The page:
We ask not that the criminal should go unpunished ; nor do we ask that he should be sent back into a society, which taught him only evil. We say only to him who would condemn, Let thy brother live; he knew not what he did ; let him live, that he may know ; let him live, that he may offend no more ; let him live, that he may deserve freedom ; let him live, that he may taste the bitterness of repentance, and the sweetness of hope ; let him live, that he may teach others how great the wretchedness of vice, how great the mercy of God; let him live, that he may yet be happy, for life was given for happiness, and the vicious cannot have tasted it; let him live, because humanity pleads for mercy ; let him live, because Christianity commands it.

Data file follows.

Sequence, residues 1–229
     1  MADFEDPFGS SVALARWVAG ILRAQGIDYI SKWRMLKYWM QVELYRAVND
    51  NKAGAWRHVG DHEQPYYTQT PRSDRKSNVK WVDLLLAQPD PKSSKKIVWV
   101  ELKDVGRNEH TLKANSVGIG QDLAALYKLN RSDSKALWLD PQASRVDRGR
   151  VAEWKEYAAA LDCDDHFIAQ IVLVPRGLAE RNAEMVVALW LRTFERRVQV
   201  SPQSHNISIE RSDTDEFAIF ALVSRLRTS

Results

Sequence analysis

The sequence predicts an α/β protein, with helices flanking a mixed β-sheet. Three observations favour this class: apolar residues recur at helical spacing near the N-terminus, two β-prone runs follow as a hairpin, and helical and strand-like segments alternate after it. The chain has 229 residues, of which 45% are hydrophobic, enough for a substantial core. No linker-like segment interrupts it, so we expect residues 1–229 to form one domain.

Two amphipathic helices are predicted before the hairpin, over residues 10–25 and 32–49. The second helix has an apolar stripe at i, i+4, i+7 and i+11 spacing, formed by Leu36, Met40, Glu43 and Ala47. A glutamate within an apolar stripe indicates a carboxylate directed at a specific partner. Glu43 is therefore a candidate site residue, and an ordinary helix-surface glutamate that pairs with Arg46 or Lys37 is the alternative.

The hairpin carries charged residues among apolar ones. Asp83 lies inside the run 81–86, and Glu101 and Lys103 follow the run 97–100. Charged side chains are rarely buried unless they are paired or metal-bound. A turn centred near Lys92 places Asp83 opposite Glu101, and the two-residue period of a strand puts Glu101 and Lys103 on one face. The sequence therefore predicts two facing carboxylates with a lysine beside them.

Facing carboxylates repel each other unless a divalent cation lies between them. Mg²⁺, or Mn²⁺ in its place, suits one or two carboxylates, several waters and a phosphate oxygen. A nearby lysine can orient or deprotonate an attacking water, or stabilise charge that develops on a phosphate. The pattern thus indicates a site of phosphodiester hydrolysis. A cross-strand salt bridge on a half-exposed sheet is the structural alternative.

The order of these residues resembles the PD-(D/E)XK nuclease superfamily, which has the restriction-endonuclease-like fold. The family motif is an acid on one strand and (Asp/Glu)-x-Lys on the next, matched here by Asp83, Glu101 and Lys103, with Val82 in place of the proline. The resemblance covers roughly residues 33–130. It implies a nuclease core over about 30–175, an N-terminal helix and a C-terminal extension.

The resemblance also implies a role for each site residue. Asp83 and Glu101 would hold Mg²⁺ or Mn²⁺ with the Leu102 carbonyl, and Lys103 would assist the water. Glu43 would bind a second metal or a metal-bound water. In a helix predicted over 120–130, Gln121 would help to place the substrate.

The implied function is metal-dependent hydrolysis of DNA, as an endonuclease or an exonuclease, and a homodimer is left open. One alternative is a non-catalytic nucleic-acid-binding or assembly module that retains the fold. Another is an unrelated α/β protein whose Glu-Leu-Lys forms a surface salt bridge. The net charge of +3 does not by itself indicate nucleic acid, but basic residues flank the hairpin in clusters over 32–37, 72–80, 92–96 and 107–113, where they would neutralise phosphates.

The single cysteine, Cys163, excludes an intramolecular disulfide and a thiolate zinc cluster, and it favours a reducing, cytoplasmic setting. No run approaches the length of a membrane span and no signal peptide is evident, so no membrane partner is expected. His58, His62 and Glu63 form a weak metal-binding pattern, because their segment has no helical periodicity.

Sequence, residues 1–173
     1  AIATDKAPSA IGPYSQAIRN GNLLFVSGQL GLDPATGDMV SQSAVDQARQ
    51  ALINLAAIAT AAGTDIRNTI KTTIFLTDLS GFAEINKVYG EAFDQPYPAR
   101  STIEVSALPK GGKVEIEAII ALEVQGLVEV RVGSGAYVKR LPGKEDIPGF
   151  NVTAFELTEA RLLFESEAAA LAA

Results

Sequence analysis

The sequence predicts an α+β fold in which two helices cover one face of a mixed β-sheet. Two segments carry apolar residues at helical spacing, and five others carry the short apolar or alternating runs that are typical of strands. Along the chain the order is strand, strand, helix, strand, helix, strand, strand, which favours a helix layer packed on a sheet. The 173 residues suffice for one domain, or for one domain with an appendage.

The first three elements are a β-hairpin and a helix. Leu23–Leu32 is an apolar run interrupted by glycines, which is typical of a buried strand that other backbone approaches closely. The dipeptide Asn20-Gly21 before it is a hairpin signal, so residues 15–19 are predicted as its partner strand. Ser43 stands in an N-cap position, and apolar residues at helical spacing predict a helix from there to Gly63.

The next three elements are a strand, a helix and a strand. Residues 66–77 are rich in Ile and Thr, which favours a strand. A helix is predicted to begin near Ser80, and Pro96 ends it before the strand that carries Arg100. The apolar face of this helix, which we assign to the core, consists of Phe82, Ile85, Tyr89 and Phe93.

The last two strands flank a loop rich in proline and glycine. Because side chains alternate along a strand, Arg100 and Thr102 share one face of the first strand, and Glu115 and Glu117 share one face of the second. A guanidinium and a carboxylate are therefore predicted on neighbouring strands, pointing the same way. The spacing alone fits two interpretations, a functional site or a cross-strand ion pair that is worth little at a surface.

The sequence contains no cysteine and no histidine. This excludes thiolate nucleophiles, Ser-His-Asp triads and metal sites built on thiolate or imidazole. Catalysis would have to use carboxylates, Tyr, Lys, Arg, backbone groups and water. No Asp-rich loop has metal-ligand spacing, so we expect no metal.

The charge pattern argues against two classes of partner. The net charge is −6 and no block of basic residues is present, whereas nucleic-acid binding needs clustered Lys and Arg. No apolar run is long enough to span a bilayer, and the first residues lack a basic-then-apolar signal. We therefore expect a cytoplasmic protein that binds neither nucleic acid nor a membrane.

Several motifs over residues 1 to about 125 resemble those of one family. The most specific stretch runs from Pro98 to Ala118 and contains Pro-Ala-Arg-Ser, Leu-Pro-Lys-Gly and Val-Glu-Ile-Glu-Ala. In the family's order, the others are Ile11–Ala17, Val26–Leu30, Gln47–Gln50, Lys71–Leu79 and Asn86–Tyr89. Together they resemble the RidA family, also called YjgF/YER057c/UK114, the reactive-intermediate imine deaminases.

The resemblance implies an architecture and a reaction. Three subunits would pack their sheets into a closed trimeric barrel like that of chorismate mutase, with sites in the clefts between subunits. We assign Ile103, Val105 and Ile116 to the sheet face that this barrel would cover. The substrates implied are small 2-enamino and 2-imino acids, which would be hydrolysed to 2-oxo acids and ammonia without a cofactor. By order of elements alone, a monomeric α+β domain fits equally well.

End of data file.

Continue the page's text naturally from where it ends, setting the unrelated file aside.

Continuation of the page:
Oh! may sentiments of piety and humanity become yet more deeply fixed in your heart ! sentiments of charity and pity for the poor, the wretched, the vicious, with whom, in the kingdom of spirits, where distinctions and titles are unknown, you must stand before the throne of judgment! Our prayers in sincerity and truth are ever yours.

Thus their address ends; unfit, indeed, to be presented to any royal personage ; yet the appeal, made to one, may waken some Christian sentiments in the many. If we might add a word on this